As I always emphasize, we need less weapons in BiH, not more.
I am also deeply concerned by the more recent readiness among some senior Bosniak politicians to refer to the possibility of a renewed conflict, including controversial statements suggesting that a rearming effort was underway to “respond” in case of a hypothetical war scenario.
In addition, the fact that almost 25 years after the war in Bosnia and Herzegovina, senior political figures continue to deny the judgments of the International Criminal Tribunal for the Former Yugoslavia and glorify war criminals is extremely harmful for the process of reconciliation.
Irresponsible and inflammatory rhetoric challenging the fundamentals of the Peace Agreement is not new and the fact that the election campaign season has started can only go so far in explaining the increased focus on divisive issues, which has in fact been a long term trend – independent of election cycles.
Indeed, European Commission President Juncker in an interview earlier this year suggested that without the continued “promise of EU accession, we could all too easily see a repeat of the conflict witnessed here…”
And yet while Bosnia and Herzegovina continues to make some important (if incremental) steps forward in the process of EU integration, the integration process has so far not proven to be a driver of fundamental reform.
In 2014, the United Kingdom and Germany launched a significant economic and political reform initiative, linked to international financial institution funding that promised to deliver some of the first real change in many years. This initiative was continued under the auspices of the EU, but more recently a number of independent observers, most recently Bodo Weber, have characterized this initiative as a failure, pointing to the fact that the conditions were lowered and rule of law reforms neglected, according to his analysis.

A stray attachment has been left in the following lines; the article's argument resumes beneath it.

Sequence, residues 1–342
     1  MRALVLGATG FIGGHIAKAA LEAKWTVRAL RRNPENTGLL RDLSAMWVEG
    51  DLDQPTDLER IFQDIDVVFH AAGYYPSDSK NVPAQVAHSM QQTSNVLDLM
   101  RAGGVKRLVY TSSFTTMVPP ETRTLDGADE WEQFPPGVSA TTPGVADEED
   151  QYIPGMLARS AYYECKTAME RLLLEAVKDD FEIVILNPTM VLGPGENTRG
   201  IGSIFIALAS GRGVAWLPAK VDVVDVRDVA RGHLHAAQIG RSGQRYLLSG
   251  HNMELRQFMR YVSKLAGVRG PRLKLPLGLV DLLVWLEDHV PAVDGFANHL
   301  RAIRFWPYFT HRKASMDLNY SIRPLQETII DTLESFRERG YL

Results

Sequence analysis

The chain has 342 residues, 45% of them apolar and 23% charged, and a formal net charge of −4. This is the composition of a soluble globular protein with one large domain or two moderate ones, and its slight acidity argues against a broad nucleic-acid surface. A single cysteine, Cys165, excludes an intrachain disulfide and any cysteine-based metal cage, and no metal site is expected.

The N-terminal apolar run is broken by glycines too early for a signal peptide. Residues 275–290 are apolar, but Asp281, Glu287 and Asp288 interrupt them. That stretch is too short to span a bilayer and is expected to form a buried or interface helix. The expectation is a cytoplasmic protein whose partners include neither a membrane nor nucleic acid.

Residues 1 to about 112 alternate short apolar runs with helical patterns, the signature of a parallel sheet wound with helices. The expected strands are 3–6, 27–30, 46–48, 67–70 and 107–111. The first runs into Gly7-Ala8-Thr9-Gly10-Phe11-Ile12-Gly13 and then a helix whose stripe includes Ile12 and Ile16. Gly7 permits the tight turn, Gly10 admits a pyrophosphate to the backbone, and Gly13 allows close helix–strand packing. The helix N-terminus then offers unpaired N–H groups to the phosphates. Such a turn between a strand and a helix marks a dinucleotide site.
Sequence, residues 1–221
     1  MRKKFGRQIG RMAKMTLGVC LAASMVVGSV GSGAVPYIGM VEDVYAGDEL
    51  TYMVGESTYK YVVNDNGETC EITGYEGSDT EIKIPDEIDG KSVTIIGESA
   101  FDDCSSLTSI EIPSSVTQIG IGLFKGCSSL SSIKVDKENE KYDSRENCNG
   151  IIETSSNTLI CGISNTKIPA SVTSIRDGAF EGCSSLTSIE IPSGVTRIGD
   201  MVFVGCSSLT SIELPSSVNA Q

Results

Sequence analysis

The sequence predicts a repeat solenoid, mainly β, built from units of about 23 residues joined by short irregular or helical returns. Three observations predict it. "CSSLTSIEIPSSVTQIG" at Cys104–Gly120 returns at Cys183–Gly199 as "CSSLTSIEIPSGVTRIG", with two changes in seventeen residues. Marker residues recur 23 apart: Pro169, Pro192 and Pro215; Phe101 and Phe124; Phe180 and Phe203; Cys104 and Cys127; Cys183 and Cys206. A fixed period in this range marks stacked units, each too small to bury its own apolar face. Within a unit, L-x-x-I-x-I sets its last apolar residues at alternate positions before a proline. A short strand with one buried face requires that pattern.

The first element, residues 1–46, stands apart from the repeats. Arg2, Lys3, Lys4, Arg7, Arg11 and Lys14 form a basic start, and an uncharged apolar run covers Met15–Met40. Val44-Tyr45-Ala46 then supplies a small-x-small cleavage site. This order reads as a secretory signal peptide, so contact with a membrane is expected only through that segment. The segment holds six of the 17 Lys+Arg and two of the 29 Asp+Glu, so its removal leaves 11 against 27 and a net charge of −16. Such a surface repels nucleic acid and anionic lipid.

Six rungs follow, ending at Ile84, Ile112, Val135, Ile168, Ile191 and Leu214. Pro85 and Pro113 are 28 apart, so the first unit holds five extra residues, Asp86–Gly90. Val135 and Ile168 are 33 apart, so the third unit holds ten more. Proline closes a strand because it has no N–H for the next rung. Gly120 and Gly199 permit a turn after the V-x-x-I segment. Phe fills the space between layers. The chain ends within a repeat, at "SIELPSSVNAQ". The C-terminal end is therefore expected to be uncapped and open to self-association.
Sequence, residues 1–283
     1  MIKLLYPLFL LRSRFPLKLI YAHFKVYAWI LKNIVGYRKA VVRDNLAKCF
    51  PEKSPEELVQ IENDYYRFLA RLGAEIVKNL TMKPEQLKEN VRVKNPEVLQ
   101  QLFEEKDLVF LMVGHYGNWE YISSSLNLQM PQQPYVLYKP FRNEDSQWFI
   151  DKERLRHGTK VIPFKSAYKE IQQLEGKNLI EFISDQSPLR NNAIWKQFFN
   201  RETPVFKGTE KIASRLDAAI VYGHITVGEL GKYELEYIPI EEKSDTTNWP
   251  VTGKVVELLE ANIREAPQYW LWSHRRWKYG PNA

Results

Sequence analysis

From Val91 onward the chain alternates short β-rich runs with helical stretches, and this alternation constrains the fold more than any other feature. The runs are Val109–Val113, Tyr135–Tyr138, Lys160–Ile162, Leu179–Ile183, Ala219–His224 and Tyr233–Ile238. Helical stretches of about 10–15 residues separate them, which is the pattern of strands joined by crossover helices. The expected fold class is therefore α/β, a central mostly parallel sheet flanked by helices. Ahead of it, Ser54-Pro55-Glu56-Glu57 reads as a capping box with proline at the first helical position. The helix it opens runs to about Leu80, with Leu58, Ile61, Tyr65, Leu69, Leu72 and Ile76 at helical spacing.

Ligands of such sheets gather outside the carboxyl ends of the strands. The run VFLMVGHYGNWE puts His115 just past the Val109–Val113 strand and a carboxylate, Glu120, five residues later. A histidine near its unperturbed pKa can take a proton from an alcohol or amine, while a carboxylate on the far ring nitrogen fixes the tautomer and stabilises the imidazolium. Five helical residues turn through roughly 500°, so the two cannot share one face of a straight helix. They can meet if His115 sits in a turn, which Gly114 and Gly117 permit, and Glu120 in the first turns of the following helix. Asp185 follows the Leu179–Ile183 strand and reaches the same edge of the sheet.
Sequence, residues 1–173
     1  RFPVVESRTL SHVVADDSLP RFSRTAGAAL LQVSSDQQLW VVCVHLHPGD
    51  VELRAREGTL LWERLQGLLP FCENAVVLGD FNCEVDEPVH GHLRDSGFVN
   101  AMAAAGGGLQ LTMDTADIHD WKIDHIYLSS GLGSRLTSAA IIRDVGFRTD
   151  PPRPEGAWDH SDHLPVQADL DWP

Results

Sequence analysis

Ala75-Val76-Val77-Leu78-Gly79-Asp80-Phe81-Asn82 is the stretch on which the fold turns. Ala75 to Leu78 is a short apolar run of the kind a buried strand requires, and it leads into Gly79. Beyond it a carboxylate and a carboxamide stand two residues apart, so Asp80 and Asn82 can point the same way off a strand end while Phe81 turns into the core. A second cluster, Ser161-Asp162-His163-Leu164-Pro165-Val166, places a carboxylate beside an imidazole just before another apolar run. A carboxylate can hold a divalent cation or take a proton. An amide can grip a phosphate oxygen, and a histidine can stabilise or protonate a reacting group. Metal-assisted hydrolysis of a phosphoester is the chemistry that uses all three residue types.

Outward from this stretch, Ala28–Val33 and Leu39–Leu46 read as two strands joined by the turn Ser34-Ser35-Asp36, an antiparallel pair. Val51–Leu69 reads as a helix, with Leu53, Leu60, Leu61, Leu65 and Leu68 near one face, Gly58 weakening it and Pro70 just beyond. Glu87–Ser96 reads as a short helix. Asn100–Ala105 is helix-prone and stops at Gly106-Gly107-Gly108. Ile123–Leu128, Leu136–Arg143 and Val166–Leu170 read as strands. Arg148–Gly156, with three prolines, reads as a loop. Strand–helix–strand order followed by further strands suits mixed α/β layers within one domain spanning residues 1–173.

One unfortunate reality I can confirm from my own experience is that many of the elected political officials in Bosnia and Herzegovina are not genuinely interested in the transformations that would come with true EU integration. This is because effective rule of law would mean an end to the corrupt patronage system.
The reason I risk boring you with these details is to underline one essential thing: peace in this country and BiH as a state are still fragile. BiH is a single multiethnic sovereign state consisting of two entities, in which all citizens – the three constituent peoples and others – live and work together, and elected officials above all have a responsibility to contribute to peace and reconciliation.
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Ladies and Gentlemen,
The challenges we face in BiH include perhaps the biggest challenge of all, one of the most crucial principles of democracy: Rule of Law. As we look back at our work we must ask ourselves whether we prioritized issues correctly. With hindsight, a far greater emphasis should have been placed on the Rule of Law at the very outset of the peace process. Almost twenty-three years on, it is clear that major progress is still required to entrench the Rule of Law.
Bosnia and Herzegovina’s judicial institutions are today the subject of unprecedented levels of public and behind the scenes pressure, rather than the effective oversight that they should be subject to. Not only does this blatant pressure need to stop, but it needs to be replaced by a decisive commitment to strengthen the judiciary at all levels, while at the same time advancing reforms that will ensure more effective oversight of individual cases.